Assessments of regional carbon circulation from multiple aspects by a biogeochemical model: A case study of forests in Toyota, Japan
Journal of Agricultural Meteorology
A quantitative assessment of carbon circulation was carried out between forest ecosystems and human society on a city scale from multiple aspects. A biogeochemical forest model that had been developed for the evaluation of ecosystem services (carbon sequestration, nitrogen leaching, water runoff, and wood biomass provisioning) was used for simulation under several forest management scenarios. From the perspective of trade-offs between the practice and cost of management, the management and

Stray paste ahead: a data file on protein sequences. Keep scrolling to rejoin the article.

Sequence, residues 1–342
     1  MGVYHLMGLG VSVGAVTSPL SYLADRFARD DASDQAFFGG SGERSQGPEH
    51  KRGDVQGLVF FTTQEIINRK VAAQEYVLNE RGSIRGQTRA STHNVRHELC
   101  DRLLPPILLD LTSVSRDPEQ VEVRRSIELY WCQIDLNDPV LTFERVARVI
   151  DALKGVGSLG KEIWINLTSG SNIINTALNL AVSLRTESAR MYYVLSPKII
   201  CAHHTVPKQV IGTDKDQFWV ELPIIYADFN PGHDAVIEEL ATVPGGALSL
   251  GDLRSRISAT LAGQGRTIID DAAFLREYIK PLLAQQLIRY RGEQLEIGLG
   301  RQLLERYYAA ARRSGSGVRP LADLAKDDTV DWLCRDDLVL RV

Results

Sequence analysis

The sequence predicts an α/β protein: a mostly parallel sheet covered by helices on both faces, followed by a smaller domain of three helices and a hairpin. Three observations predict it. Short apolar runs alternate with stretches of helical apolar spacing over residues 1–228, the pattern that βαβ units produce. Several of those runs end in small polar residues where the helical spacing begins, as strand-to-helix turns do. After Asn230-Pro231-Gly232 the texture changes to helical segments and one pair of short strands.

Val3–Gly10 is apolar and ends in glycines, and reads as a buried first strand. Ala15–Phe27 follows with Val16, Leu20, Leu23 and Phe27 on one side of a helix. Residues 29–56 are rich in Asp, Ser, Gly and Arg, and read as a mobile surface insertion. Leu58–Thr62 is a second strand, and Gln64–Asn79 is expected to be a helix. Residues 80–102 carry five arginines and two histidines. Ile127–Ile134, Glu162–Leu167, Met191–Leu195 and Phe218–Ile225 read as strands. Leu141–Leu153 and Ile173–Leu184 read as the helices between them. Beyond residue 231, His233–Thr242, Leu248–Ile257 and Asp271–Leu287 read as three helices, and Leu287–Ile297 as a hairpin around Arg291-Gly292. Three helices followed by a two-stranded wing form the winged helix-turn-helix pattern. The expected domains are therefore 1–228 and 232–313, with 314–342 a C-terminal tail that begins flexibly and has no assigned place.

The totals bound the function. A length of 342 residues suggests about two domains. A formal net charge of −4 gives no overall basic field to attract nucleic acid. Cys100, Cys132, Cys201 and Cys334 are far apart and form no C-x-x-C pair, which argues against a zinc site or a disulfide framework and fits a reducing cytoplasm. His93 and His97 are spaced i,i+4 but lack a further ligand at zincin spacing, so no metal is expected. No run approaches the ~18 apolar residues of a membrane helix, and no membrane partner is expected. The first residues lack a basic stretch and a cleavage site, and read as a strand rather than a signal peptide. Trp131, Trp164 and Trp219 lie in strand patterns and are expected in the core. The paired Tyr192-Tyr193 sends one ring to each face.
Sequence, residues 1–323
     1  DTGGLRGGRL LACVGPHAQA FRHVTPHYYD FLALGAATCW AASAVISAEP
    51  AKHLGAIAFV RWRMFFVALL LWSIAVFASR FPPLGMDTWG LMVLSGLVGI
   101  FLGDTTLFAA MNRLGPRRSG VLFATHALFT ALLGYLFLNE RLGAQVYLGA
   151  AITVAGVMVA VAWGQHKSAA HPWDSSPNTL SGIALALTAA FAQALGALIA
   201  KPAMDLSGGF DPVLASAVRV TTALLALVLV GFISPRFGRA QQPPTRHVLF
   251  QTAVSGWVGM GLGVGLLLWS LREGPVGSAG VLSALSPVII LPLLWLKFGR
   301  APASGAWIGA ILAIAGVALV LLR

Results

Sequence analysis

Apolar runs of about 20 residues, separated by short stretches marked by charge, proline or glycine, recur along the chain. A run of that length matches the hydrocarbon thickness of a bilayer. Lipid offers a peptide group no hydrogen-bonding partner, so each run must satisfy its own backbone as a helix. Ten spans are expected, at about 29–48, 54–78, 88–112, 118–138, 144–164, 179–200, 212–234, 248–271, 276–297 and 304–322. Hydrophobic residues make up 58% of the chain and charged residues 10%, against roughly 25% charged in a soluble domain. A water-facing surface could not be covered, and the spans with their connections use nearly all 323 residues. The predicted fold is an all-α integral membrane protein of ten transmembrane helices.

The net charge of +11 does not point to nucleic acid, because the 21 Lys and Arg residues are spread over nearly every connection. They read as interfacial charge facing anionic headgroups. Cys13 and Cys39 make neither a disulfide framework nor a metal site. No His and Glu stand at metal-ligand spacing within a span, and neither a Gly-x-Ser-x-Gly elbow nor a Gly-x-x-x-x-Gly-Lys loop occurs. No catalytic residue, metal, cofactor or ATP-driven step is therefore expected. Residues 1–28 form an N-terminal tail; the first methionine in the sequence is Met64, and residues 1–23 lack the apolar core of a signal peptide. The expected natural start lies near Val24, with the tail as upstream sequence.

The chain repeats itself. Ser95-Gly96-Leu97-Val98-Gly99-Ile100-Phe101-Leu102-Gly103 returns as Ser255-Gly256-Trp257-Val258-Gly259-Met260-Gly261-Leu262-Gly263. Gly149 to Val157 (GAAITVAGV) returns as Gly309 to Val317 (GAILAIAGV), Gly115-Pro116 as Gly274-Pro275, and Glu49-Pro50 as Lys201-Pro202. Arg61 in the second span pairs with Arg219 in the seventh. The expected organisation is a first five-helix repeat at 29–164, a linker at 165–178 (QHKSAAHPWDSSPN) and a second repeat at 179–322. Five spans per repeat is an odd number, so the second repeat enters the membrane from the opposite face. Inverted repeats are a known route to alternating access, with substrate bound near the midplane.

... ction costs of each scenario were calculated using a forestry cost model. Management scenarios were prepared with a business-as-usual (BAU) approach, management plans proposed by local forest administrators, and the authors that promote management and forest conversion into natural (secondary) forest. From the results, carbon sequestration under active forest management was two or four times larger than that under the BAU scenario in 2100. Volumetric cost of the wood biomass production depended on the schedule of forest management (thinning and rotation length). For an understanding of these results about carbon circulation from the models, we also investigated carbon demands from human society, such as wood consumption for construction and paper products. The production of wood was somewhat lower than the demand from the wood industry. However, promoting production according to the scenarios applied in the study was effective for meeting supply and demand. The carbon sequestration by the forest in Toyota City was one twenty-fifth of the carbon emissions from energy consumption in the city. Finally, increased production of wood biomass that considers ecological and economic effects can be sufficient to satisfy the demand for wood biomass for the activities of human society.